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Not so much a suggestion as a question: Swift?


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I've been reading through Apple's manual and I think Swift would make a pretty good scripting language. I don't know if Apple will allow Swift apps to be run from the command line:

 

swift hello.swift "{query}"

 

but would folk be interested in building workflows with it, if they did?

 

Just curious.

 

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Swift is a compiler. You can run thing interpreted, but it is designed as a compiler. Therefore, if you create a workflow using it (like I do go), it would run a compiled program. Nothing special for Alfred to support. You can look at my Alfred Time Keeper and Title Case Server workflows to see how to use go in an Alfred workflow. The same procedure would work for Swift.

 

I am currently learning Swift to use it like this. Watch out for future workflows from me that make use of a swift compiled program.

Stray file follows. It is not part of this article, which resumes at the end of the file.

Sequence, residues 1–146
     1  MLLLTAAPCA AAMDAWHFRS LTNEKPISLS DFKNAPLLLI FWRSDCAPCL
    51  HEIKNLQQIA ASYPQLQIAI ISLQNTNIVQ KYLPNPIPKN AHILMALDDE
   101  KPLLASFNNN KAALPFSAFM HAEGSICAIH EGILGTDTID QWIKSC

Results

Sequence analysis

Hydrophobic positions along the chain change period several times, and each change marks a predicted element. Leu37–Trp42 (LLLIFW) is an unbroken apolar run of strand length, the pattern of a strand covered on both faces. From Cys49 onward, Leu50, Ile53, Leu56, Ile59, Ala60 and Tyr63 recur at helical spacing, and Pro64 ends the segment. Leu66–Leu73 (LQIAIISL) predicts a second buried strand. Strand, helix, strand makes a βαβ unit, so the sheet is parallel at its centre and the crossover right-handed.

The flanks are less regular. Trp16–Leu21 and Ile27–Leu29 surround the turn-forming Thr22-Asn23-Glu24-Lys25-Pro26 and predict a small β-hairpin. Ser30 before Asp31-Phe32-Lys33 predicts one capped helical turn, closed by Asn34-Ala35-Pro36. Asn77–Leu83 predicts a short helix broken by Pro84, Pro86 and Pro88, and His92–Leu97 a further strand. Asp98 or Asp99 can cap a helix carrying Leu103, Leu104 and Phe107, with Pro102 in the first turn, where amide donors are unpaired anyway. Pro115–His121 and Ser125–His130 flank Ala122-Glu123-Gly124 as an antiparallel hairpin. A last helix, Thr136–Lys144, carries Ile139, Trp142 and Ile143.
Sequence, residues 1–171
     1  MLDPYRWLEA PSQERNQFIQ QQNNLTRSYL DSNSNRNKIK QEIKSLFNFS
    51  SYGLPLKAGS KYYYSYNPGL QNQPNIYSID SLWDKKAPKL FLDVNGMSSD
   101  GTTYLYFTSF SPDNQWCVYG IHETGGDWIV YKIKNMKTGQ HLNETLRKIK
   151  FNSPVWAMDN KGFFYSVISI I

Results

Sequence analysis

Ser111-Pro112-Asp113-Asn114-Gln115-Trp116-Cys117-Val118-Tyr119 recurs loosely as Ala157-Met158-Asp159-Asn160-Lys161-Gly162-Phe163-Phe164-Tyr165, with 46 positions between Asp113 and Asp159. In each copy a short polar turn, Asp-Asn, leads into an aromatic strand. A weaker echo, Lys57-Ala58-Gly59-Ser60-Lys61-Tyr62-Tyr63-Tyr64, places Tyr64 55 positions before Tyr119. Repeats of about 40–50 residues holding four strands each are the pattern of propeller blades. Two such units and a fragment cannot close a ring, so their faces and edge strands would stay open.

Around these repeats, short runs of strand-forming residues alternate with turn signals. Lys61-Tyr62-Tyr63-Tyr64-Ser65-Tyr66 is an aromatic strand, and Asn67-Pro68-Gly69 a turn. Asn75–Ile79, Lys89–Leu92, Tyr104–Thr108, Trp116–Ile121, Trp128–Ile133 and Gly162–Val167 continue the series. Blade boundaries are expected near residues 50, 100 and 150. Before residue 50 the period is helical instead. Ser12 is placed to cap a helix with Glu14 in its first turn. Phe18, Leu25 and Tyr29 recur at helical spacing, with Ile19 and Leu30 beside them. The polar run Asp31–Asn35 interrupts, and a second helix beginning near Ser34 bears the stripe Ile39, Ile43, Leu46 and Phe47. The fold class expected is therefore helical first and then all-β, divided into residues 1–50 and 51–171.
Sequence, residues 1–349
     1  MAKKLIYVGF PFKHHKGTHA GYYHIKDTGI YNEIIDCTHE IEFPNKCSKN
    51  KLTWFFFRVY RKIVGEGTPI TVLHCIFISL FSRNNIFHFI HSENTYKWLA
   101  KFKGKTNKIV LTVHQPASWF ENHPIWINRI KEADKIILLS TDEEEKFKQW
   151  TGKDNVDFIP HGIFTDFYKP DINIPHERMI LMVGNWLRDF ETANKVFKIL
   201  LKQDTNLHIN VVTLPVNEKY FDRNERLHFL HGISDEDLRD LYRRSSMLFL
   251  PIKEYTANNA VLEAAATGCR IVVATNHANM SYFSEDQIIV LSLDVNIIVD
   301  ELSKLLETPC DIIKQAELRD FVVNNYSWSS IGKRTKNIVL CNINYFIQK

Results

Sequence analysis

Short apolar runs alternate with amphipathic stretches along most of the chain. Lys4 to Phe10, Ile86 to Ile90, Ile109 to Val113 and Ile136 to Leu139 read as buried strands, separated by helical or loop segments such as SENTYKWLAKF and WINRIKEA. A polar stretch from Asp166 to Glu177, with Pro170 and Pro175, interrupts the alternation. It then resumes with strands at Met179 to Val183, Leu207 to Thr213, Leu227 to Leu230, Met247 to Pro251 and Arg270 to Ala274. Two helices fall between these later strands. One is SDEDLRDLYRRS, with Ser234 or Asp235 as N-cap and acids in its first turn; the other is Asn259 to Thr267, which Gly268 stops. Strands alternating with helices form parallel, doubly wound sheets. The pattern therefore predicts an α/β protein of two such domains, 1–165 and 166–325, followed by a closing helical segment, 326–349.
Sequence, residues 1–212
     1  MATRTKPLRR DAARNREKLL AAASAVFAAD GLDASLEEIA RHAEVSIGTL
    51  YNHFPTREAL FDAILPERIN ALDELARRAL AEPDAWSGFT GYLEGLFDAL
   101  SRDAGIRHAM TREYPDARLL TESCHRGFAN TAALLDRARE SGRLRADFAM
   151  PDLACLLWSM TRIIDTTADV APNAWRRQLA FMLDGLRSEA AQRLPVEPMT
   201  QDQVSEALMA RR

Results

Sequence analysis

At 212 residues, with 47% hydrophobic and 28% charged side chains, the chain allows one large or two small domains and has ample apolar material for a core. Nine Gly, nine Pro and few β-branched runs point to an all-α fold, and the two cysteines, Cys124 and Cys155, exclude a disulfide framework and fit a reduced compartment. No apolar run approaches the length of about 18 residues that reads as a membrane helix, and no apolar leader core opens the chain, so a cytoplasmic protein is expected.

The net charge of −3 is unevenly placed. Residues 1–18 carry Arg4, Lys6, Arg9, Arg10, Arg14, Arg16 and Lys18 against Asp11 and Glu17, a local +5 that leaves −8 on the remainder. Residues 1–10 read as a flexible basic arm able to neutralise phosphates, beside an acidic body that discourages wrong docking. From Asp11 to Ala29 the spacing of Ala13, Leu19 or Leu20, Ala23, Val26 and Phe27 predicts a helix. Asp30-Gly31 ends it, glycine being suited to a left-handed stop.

Those interested: The minimal hello world program in go compiles to 2.1Mb. The same type of program is only 32K in swift!!!!

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That is what the documents say. It is just a developers thing.  Just like you have to download Xcode to get any compiling tools on your Mac right now.

You can install Apple's Command Line Tools (free developer account needed) instead of Xcode for compiling code. They're sufficient for compiling most Homebrew libraries, for example, and will save you many gigabytes of disk space.

But I'd be surprised if there's a Swift-enabled version version when Yosemite comes out.

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That's a shame. A command-line runtime would be brilliant.

You can run in on the command line if you have Xcode installed:

 

/Applications/Xcode6-Beta.app/Contents/Developer/Toolchains/XcodeDefault.xctoolchain/usr/bin/swift

 

Use the -i flag to interpret the code, no flag compiles it.

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You can run in on the command line if you have Xcode installed:

 

/Applications/Xcode6-Beta.app/Contents/Developer/Toolchains/XcodeDefault.xctoolchain/usr/bin/swift

 

Use the -i flag to interpret the code, no flag compiles it.

 

Fair enough, but it would be great if they baked the runtime hooks into the OS, as they seem to be doing with JavaScript.

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